If you look at jQuery 1.3 documentation for live method you will notice that the live method is not supported for following events:
blur, focus, mouseenter, mouseleave, change and submit .
jQuery 1.4 fixed them all.
In this article I am going to discuss how jQuery brought support for these methods in jQuery. If you want a little background on what is live method and how it works then you should read this article which I wrote sometime back.
focus and blur events
IE and other browsers do not bubble focus and blur events. And that is in compliance with the w3c events model. As per the spec focus event and blur event do not bubble.
However the spec also mentions two additional events called DOMFocusIn and DOMFocusOut. As per the spec these two events should bubble. Firefox and other browsers implemented DOMFocusIn/DOMFocusOut . However IE implemented focusin and focusout and IE made sure that these two events do bubble up.
jQuery team decided to pick shorter name and introduced two new events: focusin and focusout. These two events bubble and hence they can be used with live method. This commit makes focusin/focusout work with live method. Here is code snippet.
Once again make sure that you are using focusin/focusout instread of focus/blur when used with live .
mouseenter and mouseleave events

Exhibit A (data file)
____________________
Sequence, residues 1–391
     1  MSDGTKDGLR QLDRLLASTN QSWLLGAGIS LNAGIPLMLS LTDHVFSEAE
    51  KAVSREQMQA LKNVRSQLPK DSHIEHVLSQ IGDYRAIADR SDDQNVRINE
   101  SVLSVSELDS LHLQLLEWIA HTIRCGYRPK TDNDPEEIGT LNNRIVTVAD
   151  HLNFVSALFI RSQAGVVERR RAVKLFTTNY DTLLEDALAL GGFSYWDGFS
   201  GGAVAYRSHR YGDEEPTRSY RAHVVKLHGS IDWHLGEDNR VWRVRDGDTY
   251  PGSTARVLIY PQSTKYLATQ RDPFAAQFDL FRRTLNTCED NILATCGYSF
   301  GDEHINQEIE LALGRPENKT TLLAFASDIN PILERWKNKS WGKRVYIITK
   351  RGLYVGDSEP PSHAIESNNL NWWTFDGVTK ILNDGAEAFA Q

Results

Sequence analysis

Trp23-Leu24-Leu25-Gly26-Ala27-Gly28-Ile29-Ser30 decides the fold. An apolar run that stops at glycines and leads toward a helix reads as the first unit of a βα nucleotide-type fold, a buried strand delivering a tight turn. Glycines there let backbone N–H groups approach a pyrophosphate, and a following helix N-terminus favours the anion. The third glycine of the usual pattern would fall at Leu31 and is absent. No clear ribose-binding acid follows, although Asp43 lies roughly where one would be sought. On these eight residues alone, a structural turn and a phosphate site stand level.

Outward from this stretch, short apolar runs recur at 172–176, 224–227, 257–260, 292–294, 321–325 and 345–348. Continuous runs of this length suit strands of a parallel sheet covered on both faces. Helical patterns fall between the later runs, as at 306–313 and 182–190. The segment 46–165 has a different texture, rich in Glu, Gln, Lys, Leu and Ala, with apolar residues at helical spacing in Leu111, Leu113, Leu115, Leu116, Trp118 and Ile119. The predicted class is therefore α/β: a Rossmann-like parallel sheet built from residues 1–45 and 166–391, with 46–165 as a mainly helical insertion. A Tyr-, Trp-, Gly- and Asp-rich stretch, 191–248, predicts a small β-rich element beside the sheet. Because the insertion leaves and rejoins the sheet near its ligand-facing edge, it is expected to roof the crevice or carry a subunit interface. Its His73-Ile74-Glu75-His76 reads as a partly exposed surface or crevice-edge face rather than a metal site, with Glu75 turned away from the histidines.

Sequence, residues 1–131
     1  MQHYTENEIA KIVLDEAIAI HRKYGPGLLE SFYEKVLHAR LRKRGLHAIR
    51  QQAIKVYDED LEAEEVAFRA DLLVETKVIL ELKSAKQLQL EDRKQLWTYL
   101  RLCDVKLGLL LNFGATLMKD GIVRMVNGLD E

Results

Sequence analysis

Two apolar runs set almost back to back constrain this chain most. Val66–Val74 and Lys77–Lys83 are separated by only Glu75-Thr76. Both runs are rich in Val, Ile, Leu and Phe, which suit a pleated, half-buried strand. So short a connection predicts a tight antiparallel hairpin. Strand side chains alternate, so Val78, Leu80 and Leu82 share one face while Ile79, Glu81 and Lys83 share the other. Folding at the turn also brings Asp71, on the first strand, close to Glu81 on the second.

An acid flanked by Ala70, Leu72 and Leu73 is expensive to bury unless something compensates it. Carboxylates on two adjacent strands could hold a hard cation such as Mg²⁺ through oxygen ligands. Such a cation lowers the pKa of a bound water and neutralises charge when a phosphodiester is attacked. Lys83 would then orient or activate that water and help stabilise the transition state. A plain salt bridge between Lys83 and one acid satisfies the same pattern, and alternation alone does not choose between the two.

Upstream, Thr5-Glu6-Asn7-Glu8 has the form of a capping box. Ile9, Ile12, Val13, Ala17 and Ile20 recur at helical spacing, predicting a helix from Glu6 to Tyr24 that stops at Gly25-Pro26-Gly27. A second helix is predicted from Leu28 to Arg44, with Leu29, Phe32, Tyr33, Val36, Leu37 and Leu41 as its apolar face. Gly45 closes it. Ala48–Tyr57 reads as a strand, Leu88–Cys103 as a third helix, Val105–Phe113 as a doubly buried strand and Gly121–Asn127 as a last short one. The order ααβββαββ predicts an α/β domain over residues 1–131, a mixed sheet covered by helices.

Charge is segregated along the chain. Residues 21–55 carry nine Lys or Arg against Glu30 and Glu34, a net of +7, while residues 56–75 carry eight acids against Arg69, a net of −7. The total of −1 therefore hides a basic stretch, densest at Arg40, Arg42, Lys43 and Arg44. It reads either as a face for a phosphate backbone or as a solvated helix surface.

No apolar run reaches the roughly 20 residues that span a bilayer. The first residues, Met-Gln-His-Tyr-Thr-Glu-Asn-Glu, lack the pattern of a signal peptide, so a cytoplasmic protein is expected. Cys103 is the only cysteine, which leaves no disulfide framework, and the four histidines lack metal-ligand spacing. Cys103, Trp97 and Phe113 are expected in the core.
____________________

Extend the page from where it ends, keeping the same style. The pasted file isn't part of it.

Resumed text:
mouseenter and mouseleave events do not bubble in IE. However mouseover and mouseout do bubble in IE. If you are not sure of what the difference is between mouseenter and mouseover then watch this excellent screencast by Ben.
The fix that was applied to map for focusin can be replicated here to fix mousetner and mouseleave issue. This is the commit that fixed mouseenter and mouseleave issue with live method.
Two more events are left to be handled: submit and change. Before jQuery applies fix for these two events, jQuery needs a way to detect if a browser allows submit and change events to bubble or not. jQuery team does not favor browser sniffing. So how to go about detecting event support without browser sniffing.
In the comments section John Resig mentioned that this technique can also be used to find out if an event bubbles or not.
John committed following code to jQuery.
Next task is to actually make a change event or a submit event bubble if ,based on above code, it is determined that browse is not bubbling those events .
Making change event bubble
On a form a person can change so many things including checkbox, radio button, select menu, textarea etc. jQuery team implemented a full blown change tracker which would detect every single change on the form and will act accordingly.
Radio button, checkbox and select changes will be detected via change event. Here is the code.
In order to detect changes on other fields like input field, textarea etc keydown event would be used. Here it the code.
IE has a proprietary event called beforeactivate which gets fired before any change happens. This event is used to store the existing value of the field. After the click or keydown event the changed value is captured. Then these two values are matched to see if really a change has happened. Here is code for detecting the match.
In order to detect submission of a form, one needs to watch for click event on a submit button or an image button. Additionally one can hit ‘enter’ using keyboard and can submit the form. All of these need be tracked.
As you can see if a submit button or an image is clicked inside a form the submit event is triggered. Additionally keypress event is monitored and if the keyCode is 13 then the form is submitted.